Delaying the GABA Shift Indirectly Affects Membrane Properties in the Developing Hippocampus

Carlijn Peerboom, Sam de Kater, Nikki Jonker, Marijn P.J.M. Rieter, Tessel Wijne, Corette J. Wierenga

Research output: Contribution to journalArticleAcademicpeer-review

Abstract

During the first two postnatal weeks, intraneuronal chloride concentrations in rodents gradually decrease, causing a shift from depolarizing to hyperpolarizing GABA responses. The postnatal GABA shift is delayed in rodent models for neurodevelopmental disorders and in human patients, but the impact of a delayed GABA shift on the developing brain remains obscure. Here we examine the direct and indirect consequences of a delayed postnatal GABA shift on network development in organotypic hippocampal cultures made from 6- to 7-d-old mice by treating the cultures for 1 week with VU0463271, a specific inhibitor of the chloride exporter KCC2. We verified that VU treatment delayed the GABA shift and kept GABA signaling depolarizing until DIV9. We found that the structural and functional development of excitatory and inhibitory synapses at DIV9 was not affected after VU treatment. In line with previous studies, we observed that GABA signaling was already inhibitory in control and VU-treated postnatal slices. Surprisingly, 14 d after the VU treatment had ended (DIV21), we observed an increased frequency of spontaneous inhibitory postsynaptic currents in CA1 pyramidal cells, while excitatory currents were not changed. Synapse numbers and release probability were unaffected. We found that dendrite-targeting interneurons in the stratum radiatum had an elevated resting membrane potential, while pyramidal cells were less excitable compared with control slices. Our results show that depolarizing GABA signaling does not promote synapse formation after P7, and suggest that postnatal intracellular chloride levels indirectly affect membrane properties in a cell-specific manner.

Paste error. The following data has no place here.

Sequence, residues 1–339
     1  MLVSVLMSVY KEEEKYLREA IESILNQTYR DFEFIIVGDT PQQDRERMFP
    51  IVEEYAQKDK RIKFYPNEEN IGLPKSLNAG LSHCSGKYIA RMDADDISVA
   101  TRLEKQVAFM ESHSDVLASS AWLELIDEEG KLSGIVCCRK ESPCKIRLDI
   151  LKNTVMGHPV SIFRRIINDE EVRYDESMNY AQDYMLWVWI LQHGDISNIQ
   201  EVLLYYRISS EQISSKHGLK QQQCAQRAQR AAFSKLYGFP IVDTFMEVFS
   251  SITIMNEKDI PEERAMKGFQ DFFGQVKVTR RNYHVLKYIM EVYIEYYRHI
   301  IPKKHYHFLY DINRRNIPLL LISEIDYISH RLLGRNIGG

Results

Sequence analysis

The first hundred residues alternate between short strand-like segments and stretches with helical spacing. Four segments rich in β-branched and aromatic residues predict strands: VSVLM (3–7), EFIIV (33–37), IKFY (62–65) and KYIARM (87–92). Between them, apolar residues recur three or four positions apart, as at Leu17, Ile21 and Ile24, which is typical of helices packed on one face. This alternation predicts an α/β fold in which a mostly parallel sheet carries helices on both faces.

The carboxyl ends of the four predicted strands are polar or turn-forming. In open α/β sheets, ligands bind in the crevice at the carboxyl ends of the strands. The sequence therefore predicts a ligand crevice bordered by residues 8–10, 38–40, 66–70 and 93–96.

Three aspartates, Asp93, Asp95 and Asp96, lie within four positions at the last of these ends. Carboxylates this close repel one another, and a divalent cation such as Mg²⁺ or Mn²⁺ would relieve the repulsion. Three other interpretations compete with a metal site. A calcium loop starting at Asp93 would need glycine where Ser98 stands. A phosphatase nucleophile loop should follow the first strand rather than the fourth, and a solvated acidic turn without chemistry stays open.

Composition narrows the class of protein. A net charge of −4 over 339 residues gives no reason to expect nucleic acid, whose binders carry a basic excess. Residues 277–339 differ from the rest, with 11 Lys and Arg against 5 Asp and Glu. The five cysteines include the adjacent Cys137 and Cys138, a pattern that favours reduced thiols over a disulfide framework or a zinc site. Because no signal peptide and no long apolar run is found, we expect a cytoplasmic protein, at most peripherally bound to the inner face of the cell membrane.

Original languageEnglish
Pages (from-to)5483-5500
Number of pages18
JournalJournal of Neuroscience
Volume43
Issue number30
DOIs
Publication statusPublished - 12 Jul 2023

Keywords

  • brain development
  • chloride
  • homeostasis
  • membrane excitability
  • neurodevelopmental disorders
  • synapse formation

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